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How to Determine if an Employee is Exempt From Overtime Pay

ederal Law - Definition of an Exempt Employee


What is an Exempt Employee?

The simplest definition of an “exempt” employee is an employee who is not eligible to receive overtime pay. In most cases, this will also mean the employee receives a salary.

Salaried Workers Are Usually Exempt Employees

The term “salaried employee” is often used in place of “exempt” to describe an employee but this is not entirely accurate. There are certain situations where salaried workers may be also entitled to overtime pay (and situations where hourly workers may not always be eligible for overtime pay).

An exempt employee is never determined by their job title or even whether or not they are salaried or paid by the hour. An exempt employee is determined using a combination of criteria including their occupation (or industry), rate of pay, and the job duties that they perform. But if a position is considered exempt, Federal law requires exempt employees to be compensated with a salary, with one exception: certain computer professionals.

How Federal Law Defines Exempt Employees

There is considerable room for interpretation of employees when it comes to whether they are exempt or nonexempt. To make things more confusing for employers, individual state laws may vary (but state laws are generally more favorable to employees than federal laws).

For legal and practical purposes, this article outlines only the minimum federal standards used to determine if an employee is exempt or nonexempt.

General guidelines for determining exempt employees who are not eligible for overtime pay (and therefore must be paid a salary) include:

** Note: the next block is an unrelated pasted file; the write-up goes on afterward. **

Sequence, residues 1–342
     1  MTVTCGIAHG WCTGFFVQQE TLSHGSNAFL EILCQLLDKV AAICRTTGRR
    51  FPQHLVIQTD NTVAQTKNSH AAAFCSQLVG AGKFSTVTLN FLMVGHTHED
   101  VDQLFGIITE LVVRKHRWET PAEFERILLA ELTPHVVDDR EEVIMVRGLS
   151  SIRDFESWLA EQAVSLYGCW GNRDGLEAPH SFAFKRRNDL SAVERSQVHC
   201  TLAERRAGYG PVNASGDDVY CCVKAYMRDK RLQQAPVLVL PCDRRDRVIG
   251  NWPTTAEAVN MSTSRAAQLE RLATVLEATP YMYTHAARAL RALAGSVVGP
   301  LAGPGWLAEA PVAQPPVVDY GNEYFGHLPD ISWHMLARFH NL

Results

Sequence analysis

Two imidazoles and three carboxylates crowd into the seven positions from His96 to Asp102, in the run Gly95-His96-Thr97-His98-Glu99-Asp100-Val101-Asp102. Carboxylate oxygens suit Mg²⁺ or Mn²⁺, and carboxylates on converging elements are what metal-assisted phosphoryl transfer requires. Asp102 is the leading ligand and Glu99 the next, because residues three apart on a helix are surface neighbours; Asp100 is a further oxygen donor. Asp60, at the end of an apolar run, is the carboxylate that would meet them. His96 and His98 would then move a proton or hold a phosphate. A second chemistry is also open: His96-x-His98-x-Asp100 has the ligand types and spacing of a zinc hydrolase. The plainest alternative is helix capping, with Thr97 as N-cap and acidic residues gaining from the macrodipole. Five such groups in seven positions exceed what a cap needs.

• “White-collar” employees who earn more than $455 per week. A “white collar” employee is generally considered someone whose job does not require manual labor but that does require consistent and significant knowledge, or an employee whose job requires mostly mental or clerical work.

    White collar positions typically require independent action and use of decision-making and judgment skills on the job.

  • Employees who routinely perform exempt or other “professional” duties (including executive or managerial or administrative duties) and earn more than $100,000 per year.

  • Most sales professionals.

Additionally, legislative changes enacted in 2004 under the Bush administration may also classify nurses, line leaders, and team leaders as exempt positions, even if they are not technically classified as “management.”

Who Can I Contact if I have Questions or Problems About Overtime Pay”

Contact the U.S. Department of Labor, Wage and Hour Division if you are an employer or employee of any of the following:
  • Private Business Sector,
  • State and Local Governments,
  • Federal Employees of the Library of Congress,
  • U.S. Postal Service,
  • Postal Rate Commission, or
  • Tennessee Valley Authority.
All other Federal employees should contact the U.S. Office of Personnel Management. The U.S. Congress is responsible for handling employee/employer issues for congressional employees.

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